Whether you realize it or not, the culture of Hollywood has permeated our society. Scientists and environmentalists have not been immune.

Do you really think you’re more virtuous than the people of Hollywood?


In the environmental world there is often a palpable element of virtuousness/self-righteousness/holier-than-thou of the sort that offends much of the public and stokes the fires of the anti-environmental movement. In the academic science world it is more like a naive belief in the ability to be “objective” and immune to bias in a country which today is filled with opinionation and self-promotion.

There may well have been a time, several decades ago when environmentalists were indeed more holier than average citizens and scientists were more objective. But that time is long gone. Today there is just a great deal of mass confusion and identity crises.

In 1994 I left the academic science world, cold turkey, moved to Hollywood, California, got myself an apartment in Beachwood Canyon right below the HOLLYWOOD sign, and began film school at U.S.C. It was a total, complete and absolute culture shock — much, much more than it would be for anyone today.

The reason it wouldn’t be as abrupt today is that the past decade has seen a homogenization of our culture thanks largely to the internet. In 1994 there was only the beginnings of email and the start of dial up access to the internet. The madness was just beginning. As a result, there was still a distinctive “culture” to Hollywood that took a lot of getting used to. I spent a lot of my first year of film school trying to learn about this culture, especially by talking with the “older” film students (almost all of whom were still a decade younger than me).


What I learned about was the crazy, rapid, fluid, infinitely short attention span, massively superficial, shallow and compulsive lifestyle that typified Hollywood at the time. I was told about how quickly people changed jobs in Hollywood — how entire production companies of 25 employees would appear on the lot at the major studios like Paramount or Universal, but then be collapsed and gone a year later. How most assistants were expected to stay at a job for AT LEAST 6 months, but then after 9 months it was pretty normal to move on. How when you made a hit student film (as I did in 1996 with my musical that premiered at Telluride) you would get inundated with calls and meetings around town (over 100 for me in a couple weeks time), but that a year later almost NONE of the people you met with would still be at their jobs (which held true for me, as hard as it was to fathom).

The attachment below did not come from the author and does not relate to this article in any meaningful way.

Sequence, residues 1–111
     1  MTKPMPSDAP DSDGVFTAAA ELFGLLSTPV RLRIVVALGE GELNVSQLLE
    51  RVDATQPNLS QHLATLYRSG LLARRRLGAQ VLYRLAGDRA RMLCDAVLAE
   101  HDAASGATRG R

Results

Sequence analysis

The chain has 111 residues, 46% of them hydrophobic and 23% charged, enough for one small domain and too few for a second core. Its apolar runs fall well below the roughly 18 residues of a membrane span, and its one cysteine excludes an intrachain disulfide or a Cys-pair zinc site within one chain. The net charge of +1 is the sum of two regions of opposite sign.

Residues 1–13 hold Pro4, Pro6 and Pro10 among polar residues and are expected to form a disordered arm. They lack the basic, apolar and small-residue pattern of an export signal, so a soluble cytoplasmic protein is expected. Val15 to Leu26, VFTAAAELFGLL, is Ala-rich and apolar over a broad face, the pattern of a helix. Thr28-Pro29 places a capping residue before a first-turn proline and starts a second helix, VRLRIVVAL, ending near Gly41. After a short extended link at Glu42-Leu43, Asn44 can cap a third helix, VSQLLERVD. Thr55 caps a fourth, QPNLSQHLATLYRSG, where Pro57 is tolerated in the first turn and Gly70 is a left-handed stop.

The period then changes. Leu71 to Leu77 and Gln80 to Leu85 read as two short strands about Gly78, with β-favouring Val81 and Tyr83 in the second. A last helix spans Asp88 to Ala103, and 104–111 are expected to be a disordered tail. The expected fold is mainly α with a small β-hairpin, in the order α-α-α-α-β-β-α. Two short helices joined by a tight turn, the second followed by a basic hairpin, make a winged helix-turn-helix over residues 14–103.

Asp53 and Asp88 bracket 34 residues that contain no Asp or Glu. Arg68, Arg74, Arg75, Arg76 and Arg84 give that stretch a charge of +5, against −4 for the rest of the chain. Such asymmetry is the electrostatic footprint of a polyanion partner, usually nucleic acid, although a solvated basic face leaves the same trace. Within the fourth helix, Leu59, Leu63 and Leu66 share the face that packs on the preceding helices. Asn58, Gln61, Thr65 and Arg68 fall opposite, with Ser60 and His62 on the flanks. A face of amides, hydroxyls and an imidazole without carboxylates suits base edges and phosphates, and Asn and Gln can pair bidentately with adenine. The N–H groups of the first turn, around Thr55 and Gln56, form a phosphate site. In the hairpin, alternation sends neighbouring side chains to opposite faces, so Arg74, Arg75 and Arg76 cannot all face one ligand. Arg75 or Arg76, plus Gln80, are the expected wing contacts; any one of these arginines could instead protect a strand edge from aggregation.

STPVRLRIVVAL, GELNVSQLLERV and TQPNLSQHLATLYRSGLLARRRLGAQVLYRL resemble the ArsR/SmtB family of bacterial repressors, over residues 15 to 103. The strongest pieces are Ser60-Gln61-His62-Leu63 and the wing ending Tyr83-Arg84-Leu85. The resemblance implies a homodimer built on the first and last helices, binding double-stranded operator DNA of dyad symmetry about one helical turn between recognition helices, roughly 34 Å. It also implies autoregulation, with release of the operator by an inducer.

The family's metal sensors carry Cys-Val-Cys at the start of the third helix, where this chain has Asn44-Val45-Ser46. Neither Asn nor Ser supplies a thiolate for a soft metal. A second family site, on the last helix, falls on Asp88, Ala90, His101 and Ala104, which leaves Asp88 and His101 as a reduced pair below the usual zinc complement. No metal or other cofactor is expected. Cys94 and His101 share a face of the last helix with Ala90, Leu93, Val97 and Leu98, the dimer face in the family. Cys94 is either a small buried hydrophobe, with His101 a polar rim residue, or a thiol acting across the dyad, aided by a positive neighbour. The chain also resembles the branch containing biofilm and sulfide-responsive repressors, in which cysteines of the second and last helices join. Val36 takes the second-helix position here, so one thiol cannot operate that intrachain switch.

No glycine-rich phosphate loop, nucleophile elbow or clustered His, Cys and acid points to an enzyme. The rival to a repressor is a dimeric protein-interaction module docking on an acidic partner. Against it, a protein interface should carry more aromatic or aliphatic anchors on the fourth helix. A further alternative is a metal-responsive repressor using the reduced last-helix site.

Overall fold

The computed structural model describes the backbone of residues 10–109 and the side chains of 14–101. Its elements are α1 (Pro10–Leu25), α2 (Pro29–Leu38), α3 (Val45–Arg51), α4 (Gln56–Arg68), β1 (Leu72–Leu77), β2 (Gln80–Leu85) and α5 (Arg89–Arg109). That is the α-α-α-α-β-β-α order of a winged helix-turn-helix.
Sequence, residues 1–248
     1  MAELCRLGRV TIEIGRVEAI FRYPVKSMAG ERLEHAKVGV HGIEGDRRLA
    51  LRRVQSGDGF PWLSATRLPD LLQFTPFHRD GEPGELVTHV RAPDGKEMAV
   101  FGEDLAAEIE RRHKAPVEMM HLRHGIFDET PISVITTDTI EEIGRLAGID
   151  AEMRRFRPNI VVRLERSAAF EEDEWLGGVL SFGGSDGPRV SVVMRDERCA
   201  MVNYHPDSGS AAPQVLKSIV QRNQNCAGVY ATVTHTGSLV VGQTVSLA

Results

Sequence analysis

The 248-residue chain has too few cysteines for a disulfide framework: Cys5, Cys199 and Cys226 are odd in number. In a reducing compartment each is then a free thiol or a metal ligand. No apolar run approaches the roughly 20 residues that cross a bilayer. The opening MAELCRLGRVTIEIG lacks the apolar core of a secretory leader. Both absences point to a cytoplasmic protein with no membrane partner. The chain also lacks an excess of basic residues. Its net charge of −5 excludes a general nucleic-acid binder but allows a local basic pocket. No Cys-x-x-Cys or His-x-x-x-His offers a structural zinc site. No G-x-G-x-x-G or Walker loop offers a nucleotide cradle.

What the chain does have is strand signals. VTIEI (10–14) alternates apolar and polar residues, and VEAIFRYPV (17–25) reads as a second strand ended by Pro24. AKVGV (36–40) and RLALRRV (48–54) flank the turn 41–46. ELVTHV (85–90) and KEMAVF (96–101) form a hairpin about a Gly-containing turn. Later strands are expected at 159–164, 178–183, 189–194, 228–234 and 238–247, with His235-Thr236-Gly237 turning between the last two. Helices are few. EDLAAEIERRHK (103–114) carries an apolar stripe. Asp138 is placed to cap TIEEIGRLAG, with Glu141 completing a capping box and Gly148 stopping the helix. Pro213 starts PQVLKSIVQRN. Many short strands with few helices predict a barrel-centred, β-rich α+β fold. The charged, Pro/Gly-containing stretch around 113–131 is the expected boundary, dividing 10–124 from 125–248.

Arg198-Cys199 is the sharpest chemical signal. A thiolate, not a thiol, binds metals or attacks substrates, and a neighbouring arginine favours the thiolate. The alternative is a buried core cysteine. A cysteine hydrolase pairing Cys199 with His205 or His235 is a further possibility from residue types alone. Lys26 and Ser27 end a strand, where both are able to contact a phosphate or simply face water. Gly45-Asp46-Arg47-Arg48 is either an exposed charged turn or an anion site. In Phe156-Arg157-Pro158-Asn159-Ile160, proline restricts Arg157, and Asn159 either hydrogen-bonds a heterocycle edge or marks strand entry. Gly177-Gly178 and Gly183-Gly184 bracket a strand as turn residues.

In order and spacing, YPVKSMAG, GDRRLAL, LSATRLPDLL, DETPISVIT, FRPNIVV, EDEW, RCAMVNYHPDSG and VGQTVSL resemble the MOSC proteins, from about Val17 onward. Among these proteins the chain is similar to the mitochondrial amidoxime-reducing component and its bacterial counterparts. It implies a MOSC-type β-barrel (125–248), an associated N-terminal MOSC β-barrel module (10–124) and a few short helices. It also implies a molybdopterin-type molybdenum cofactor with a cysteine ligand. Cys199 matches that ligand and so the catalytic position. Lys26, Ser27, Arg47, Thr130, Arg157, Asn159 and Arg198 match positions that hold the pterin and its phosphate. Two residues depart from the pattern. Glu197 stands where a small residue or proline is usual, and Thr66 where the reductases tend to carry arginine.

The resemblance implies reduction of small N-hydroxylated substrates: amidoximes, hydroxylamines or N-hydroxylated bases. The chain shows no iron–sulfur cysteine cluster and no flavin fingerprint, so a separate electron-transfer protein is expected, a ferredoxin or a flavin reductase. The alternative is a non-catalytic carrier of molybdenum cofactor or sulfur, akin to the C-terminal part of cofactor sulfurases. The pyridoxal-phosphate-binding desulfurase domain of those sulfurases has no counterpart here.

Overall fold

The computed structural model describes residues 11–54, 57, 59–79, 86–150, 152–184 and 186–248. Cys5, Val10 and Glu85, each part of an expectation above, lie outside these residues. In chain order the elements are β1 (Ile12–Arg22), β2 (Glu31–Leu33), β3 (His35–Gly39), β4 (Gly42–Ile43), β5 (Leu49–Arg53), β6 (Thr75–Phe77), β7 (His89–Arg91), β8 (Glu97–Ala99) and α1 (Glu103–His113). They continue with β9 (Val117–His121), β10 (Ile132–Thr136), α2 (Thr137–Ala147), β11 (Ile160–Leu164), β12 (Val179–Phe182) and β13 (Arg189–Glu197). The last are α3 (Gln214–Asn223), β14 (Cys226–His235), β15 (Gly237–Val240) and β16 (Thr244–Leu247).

I was also told about the fiercely competitive world of spec screenplay writing, which had reached a fevered pitch in the mid-90’s. You would write a screenplay “on spec” (meaning nobody paid you to write it — you do it as a speculative gamble, hoping to sell it once completed), then you enter into a whole game where your agent leaks tantalizing word out around town about how amazing it is as the whole network of development executives start frothing at the mouth to get their hands on it — all desperate to be the one to purchase “the hot new thing.”

Then assistants start trying to get ahold of you to see if you’ll sneak them an advance copy, or at least a few more hints of what the hell the script is about and why everyone is gossiping so much about it. And then finally on a secret surprise day, often a Friday, your agent stages a sort of surprise attack, sending out copies of the script to 75 production companies around town, ruining everyone’s weekend as they all have to have everyone in their company read the script by Sunday night and be ready Monday morning to dive into the bidding war that is meant to ensue.

But then over the weekend people start gossiping at cocktail parties and realizing the script is just another dumb imitation of “Die Hard” — this time set on a school bus for handicapped children, which doesn’t really work, and by Monday morning the word is out that all the major studios plan to “kill” the script. By noon on Monday the phones are not ringing at the agent’s office, and he’s forced to do the odious task of calling a few of the production companies to harvest the bad news himself — “Dude, your script sucks.”

And then that script is officially “dead.” And nobody wants to touch it. End of story. But also dead is ANYTHING that looks, smells or feels like the subject matter of that script. So if someone a week later sends out a script that is an amazing drama about the struggle of the guy who created the first bus for handicapped children, nobody will support it because there is a feeling of, “Somebody just tried to do that story.” And you can’t get them to listen to the fact that the previous moron script bore no resemblance whatsoever to this dramatic masterpiece. It’s just how Hollywood works.